And then I had another thought. (Yes, I know. That’s awfully many thoughts for one night.) I take it as read (!) that everyone has read Harry Potter. You can’t not have heard of him. But is eleven too young? Was Harry not on the list because he’s obvious, or because this girl hasn’t actually read the books yet? Or tried them and gave up.

Are we now so far removed from Harry hysteria that not ‘every’ child will read about witches and wizards? Would I be an idiot if I suggested it? Or would I be more of an idiot if I don’t?

Best of 2014

I was about to say that whereas I had told myself I’d go for fewer books on my best list of the year (best books, not best list) this time, it has proved too hard to do. But then I discovered I managed to slim the list last year, so I have a bit of credit and I can let the list swell. Because I must.

Can’t even offer you a photogenic pile of best books, with most of them still hiding in boxes. Besides, one of the best comes on Kindle, and the Resident IT Consultant’s e-reader isn’t the prettiest of things to take a picture of.

2014 was a good year for series of books coming to an end, be it the two-pack type or the trilogy or the ten-pack. I decided not to put those on The List, but I am happy to mention them.

They are Timothée de Fombelle with Vango 2, Caroline Lawrence with the fourth book about Detective Pinkerton, Derek Landy at the end of his ten book Skulduggery Pleasant marathon, Lucy Hawking and the fourth book about George in space, Gennifer Choldenko and the last Al Capone story, Deborah Ellis about Parvana again, Teri Terry’s dystopia had as satisfying an end as you could hope for, Gillian Philip finally finished her faeries in Icefall, and Che Golden sorted her fairies out too.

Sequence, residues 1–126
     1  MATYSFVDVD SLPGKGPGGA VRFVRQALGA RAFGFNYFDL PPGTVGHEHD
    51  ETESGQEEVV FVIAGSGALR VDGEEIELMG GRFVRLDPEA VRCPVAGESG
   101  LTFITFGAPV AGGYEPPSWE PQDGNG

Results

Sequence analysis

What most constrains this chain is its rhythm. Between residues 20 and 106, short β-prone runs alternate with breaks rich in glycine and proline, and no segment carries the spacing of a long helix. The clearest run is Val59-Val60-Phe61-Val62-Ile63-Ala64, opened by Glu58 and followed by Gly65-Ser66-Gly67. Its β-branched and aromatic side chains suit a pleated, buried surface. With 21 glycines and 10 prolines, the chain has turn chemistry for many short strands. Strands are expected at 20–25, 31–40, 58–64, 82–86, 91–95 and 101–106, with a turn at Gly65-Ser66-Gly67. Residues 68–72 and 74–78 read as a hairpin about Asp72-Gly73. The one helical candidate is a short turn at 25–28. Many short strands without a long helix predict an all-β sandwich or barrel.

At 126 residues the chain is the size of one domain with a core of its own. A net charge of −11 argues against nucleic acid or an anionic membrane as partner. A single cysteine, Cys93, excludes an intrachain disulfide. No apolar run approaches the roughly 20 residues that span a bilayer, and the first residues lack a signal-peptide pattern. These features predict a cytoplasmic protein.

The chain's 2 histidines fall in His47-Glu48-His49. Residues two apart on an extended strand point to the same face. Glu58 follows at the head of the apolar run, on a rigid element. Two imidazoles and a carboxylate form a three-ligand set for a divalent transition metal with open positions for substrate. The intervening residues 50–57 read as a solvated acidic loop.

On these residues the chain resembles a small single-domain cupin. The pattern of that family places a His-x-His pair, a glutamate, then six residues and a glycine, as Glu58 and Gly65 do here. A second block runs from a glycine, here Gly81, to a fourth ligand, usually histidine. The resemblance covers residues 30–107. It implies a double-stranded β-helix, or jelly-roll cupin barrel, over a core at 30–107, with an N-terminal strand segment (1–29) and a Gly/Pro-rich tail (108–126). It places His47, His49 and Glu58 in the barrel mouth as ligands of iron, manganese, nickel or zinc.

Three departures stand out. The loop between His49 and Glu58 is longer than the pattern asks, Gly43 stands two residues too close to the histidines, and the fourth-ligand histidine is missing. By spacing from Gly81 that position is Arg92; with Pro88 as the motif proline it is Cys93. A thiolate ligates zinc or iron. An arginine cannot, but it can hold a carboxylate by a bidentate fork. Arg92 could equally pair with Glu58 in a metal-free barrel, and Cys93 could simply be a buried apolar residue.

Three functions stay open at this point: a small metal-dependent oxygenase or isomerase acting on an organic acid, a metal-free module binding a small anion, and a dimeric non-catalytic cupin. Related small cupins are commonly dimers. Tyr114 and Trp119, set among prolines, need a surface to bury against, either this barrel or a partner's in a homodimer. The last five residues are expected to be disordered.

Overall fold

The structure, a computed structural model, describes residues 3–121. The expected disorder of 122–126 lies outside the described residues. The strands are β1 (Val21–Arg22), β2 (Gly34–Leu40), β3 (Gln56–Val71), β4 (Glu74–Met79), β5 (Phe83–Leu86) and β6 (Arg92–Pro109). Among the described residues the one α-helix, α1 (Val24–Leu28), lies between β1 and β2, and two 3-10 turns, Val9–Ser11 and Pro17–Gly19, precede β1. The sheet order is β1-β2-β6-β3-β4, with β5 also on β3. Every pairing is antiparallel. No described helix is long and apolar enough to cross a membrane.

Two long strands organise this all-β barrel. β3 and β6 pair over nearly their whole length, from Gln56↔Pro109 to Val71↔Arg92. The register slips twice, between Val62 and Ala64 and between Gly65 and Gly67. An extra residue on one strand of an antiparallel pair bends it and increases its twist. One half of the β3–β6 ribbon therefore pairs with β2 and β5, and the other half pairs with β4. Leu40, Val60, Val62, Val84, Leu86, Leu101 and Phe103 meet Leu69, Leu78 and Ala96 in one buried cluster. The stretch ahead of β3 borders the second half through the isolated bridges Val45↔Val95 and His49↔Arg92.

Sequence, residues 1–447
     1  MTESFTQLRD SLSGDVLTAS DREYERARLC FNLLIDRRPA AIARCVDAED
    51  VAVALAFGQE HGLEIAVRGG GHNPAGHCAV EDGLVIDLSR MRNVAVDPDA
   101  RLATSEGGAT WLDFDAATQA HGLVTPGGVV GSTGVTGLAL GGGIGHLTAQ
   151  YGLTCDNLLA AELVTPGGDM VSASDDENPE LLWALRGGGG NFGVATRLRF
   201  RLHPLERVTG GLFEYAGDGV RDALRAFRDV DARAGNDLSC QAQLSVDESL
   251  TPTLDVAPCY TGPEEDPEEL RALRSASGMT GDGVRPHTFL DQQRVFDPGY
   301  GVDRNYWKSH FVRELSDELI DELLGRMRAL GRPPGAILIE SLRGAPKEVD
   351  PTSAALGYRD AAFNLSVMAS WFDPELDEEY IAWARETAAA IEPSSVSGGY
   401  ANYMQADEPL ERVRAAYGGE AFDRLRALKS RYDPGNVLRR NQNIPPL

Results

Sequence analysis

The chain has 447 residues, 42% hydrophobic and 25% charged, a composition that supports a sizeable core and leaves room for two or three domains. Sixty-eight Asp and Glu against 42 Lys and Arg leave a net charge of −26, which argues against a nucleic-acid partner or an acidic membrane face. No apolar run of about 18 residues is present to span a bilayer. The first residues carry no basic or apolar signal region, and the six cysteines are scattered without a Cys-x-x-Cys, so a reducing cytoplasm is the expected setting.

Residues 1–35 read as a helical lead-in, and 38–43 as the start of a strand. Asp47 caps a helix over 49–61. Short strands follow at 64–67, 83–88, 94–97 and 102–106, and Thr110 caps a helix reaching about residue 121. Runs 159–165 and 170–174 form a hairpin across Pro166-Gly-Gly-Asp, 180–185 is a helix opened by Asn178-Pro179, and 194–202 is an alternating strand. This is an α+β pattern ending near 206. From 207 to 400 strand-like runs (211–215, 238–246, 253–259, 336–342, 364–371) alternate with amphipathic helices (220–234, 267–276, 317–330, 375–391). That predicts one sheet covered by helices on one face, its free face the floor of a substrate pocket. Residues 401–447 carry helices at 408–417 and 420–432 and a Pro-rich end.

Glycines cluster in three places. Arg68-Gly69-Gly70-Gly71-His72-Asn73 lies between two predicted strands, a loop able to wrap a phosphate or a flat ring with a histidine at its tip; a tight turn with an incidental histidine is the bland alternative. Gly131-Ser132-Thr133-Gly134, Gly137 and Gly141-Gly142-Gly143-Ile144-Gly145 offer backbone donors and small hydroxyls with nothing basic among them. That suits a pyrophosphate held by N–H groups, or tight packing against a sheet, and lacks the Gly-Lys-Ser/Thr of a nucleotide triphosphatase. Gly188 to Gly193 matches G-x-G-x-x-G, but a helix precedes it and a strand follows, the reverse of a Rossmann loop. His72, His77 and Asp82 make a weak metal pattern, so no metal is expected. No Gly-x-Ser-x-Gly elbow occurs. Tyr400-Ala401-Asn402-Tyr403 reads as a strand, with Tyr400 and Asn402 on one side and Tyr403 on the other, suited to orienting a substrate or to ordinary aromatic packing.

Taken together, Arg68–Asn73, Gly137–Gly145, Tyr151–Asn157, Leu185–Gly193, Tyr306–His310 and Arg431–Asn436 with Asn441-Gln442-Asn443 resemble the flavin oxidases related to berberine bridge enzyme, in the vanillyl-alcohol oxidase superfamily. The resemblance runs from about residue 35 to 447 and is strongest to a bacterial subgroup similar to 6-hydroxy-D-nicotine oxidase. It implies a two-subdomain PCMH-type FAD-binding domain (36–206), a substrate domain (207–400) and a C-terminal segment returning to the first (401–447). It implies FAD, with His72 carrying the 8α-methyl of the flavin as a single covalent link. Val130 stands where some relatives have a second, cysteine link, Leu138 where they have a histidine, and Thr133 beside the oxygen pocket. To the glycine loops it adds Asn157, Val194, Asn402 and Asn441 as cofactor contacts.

Helen Grant and Eoin Colfer did beautifully with their second books from Belgium and time travel London, so there is more to look forward to there.

Two authors are standing shoulder to shoulder on my awards stand this year; Michelle Magorian and Nick Green. Michelle for Impossible! and Nick with his Firebird ebook trilogy.

The runners-up are – in no particular order – Ali Sparkes and Destination Earth, Sally Nicholls and Shadow Girl, Cliff McNish and Going Home, Tanya Landman and Buffalo Soldier, Ellen Renner and Tribute, Simon Mason and Running Girl, Carl Hiaasen and Skink No Surrender, Robin Talley and Lies We tell Ourselves.

Thank you everyone, for hours and hours of good company, and please keep up the good work!

The Raven Queen

Just as Che Golden suspected, I can hereby confirm that her book The Raven Queen is the best in her faerie trilogy, set in and around and under Blarney. The first two were very enjoyable, but this one has that little bit extra. I think what it is, is that Che and her heroine Maddy have worked towards a grand finale, and by now both know how to deliver.

It’s good to return to a setting you’re familiar with and people you’ve learned to love, seeing them grappling with a new challenge. In a first novel you don’t know what people can do. By the third book you do, and you can concentrate on wondering how they will do it, and not if.

Che Golden, The Raven Queen

Maddy was sent away to live with her ghastly aunt at the end of book two, and that’s where we find her in The Raven Queen. She’s miserable, and she’s still not as safe as her grandfather had intended when he banished her to live in a town, surrounded by iron. She’s visiting her batty Great-Aunt Kitty – who is not crazy at all, of course – and my one regret is that we don’t get to see more of Kitty.

Since there is no point in having a story where the heroine is safe behind iron fences, Maddy and her cousins Roisin and Danny soon end up somewhere totally unsafe. The faerie world isn’t the same it was before, however. Friend and foe are no longer friend and foe, and Maddy needs to work out who she can trust. (I say no one.)

The Winter Queen is starting a war, and that can’t end well. This time we get to meet the newly awakened Morrighan, boss of all faeries, and even she has her work cut out, dealing with the Kings and Queens who all want to take over from Queen Liadan.